Key Points:

  • SAS is approaching the conclusion of its restructuring, with a U.S. bankruptcy court sanctioning a $1.3 billion capital infusion.

  • Following Chapter 11 proceedings, SAS is set to forge a strong link with Air France-KLM and potentially shift to the SkyTeam alliance.

  • The investment will significantly alter SAS's ownership structure, with Castlelake acquiring 32%, and Denmark and Air France-KLM holding substantial shares.

SAS's Financial Rejuvenation and Court Approval for Investment

Scandinavian Airlines System (SAS) is on the brink of completing a substantial financial restructuring phase. A U.S. bankruptcy court has recently authorized a crucial billion-dollar capital injection to revitalize the airline. This development follows SAS’s move to seek protection from creditors in mid-2022 under Chapter 11 of the U.S. Insolvency Code. The process, aiming to rescue the financially troubled airline, is nearing a successful outcome.

SAS has received the go-ahead from the insolvency court for investments from a consortium comprising Air France-KLM, investment firms Castlelake and Lind Invest, and the Danish government. The total investment approved amounts to approximately 1.3 billion U.S. dollars, as announced by SAS. This significant financial boost is a key milestone in the airline's path to recovery.

Ownership Changes and Strategic Alliances Post-Restructuring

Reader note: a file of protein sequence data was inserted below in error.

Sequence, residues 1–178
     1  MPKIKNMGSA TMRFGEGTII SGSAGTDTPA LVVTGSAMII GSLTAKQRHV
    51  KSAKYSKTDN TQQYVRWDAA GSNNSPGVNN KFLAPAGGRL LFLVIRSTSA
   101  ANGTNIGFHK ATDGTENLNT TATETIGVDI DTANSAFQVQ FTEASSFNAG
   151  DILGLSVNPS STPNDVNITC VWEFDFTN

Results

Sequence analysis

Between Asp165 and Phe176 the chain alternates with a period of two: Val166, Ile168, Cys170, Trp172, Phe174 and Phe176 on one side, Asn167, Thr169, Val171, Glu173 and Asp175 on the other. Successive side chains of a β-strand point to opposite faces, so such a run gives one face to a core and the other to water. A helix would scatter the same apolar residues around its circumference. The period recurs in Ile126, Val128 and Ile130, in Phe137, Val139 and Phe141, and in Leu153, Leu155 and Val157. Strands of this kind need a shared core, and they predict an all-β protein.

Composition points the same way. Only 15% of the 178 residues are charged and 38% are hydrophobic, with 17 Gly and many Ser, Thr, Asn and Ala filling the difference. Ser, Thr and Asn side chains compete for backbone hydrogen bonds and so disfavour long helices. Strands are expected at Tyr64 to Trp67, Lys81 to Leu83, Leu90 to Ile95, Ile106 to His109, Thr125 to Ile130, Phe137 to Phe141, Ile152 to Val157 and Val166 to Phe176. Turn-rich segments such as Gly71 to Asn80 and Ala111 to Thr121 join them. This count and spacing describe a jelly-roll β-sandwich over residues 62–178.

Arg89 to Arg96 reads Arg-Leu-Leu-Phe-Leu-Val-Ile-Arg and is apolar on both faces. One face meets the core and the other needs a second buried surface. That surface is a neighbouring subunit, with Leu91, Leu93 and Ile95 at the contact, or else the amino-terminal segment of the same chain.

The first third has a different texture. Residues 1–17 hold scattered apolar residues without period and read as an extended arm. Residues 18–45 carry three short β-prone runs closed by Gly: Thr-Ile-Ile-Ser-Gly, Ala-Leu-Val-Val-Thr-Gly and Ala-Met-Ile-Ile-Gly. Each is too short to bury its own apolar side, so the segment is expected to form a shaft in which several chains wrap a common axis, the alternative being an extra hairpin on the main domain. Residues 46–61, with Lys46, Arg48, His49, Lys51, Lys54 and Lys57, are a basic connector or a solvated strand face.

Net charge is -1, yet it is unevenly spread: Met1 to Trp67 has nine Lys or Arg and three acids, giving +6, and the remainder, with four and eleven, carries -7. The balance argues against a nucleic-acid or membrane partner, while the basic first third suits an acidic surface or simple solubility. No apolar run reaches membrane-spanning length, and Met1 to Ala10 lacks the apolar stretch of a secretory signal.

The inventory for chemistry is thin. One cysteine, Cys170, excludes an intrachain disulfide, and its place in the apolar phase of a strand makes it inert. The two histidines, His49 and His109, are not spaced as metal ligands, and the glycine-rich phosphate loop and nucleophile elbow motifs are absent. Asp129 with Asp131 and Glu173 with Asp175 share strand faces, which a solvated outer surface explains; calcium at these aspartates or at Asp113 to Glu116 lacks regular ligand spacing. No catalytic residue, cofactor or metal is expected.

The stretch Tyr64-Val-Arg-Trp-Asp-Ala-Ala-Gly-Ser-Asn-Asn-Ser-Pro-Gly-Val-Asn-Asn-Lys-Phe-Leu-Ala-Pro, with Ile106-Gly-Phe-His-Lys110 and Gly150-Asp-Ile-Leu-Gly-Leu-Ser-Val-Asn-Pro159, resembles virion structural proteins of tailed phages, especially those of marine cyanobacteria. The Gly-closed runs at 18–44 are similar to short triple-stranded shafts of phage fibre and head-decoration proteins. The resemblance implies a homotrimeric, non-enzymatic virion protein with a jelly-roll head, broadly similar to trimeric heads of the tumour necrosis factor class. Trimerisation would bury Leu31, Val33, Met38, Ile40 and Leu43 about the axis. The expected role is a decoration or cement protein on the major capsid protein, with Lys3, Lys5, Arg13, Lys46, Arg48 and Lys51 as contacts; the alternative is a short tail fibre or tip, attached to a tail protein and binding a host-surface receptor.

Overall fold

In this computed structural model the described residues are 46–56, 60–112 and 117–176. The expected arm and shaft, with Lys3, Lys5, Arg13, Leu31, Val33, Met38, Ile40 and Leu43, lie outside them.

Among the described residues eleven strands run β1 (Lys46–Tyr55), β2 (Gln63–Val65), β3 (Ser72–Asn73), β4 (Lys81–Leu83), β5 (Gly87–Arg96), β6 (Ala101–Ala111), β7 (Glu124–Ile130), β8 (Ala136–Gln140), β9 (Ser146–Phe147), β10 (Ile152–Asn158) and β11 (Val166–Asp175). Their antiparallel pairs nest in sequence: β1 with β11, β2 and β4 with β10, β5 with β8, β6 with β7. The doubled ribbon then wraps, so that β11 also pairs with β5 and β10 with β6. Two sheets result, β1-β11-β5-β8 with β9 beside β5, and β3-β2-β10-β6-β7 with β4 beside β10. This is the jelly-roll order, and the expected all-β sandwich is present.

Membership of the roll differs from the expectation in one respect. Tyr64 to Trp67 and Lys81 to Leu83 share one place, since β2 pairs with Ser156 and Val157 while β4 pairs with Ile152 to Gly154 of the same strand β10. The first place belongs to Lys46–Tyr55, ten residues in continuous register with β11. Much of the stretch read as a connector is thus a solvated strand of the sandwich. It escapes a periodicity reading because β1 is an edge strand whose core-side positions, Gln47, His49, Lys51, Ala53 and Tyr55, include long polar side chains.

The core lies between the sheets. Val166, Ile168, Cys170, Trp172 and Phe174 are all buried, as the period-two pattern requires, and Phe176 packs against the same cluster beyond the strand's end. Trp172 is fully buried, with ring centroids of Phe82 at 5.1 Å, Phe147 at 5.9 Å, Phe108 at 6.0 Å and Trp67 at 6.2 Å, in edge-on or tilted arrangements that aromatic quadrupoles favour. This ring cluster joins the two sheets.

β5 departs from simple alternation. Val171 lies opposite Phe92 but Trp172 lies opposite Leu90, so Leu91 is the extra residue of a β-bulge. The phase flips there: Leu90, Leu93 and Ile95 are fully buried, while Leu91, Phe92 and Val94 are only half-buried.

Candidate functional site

The completion of this transaction will result in a notable change in SAS’s ownership structure. Castlelake is set to acquire a 32 percent stake in SAS, while the Danish government and Air France-KLM will hold nearly 26 percent and almost 20 percent of the shares, respectively. In line with a statement from October, Air France-KLM retains the option to further increase its share in SAS in the future. This strategic realignment is expected to lead to SAS’s transition from the Star Alliance to the SkyTeam alliance, reflecting its closer ties with Air France-KLM.

For previous shareholders of SAS, particularly the Swedish state which chose not to partake in the rescue plan, the restructuring signifies a total loss, as their shares will become valueless. This transformation marks a new chapter for the airline, transitioning from Scandinavian ownership to a more diverse and international shareholder base. This shift is indicative of the changing landscape in the global airline industry, where collaborations and strategic alliances are increasingly shaping the future of airlines.